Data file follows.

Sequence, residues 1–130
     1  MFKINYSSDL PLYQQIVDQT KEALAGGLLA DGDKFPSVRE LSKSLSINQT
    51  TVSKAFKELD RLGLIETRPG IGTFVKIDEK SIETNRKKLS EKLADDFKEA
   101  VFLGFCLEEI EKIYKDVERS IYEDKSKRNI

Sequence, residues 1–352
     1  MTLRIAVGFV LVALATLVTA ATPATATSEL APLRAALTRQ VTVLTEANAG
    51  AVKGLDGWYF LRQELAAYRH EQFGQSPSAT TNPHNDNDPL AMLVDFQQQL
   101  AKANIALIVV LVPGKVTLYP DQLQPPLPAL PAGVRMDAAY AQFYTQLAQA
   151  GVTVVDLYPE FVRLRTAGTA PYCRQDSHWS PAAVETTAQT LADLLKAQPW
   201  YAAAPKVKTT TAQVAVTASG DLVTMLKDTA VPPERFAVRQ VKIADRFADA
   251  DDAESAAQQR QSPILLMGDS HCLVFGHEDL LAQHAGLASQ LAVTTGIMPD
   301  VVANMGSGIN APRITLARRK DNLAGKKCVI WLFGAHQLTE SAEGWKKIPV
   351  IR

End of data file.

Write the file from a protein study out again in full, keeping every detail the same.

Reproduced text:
Sequence, residues 1–130
     1  MFKINYSSDL PLYQQIVDQT KEALAGGLLA DGDKFPSVRE LSKSLSINQT
    51  TVSKAFKELD RLGLIETRPG IGTFVKIDEK SIETNRKKLS EKLADDFKEA
   101  VFLGFCLEEI EKIYKDVERS IYEDKSKRNI

Sequence, residues 1–352
     1  MTLRIAVGFV LVALATLVTA ATPATATSEL APLRAALTRQ VTVLTEANAG
    51  AVKGLDGWYF LRQELAAYRH EQFGQSPSAT TNPHNDNDPL AMLVDFQQQL
   101  AKANIALIVV LVPGKVTLYP DQLQPPLPAL PAGVRMDAAY AQFYTQLAQA
   151  GVTVVDLYPE FVRLRTAGTA PYCRQDSHWS PAAVETTAQT LADLLKAQPW
   201  YAAAPKVKTT TAQVAVTASG DLVTMLKDTA VPPERFAVRQ VKIADRFADA
   251  DDAESAAQQR QSPILLMGDS HCLVFGHEDL LAQHAGLASQ LAVTTGIMPD
   301  VVANMGSGIN APRITLARRK DNLAGKKCVI WLFGAHQLTE SAEGWKKIPV
   351  IR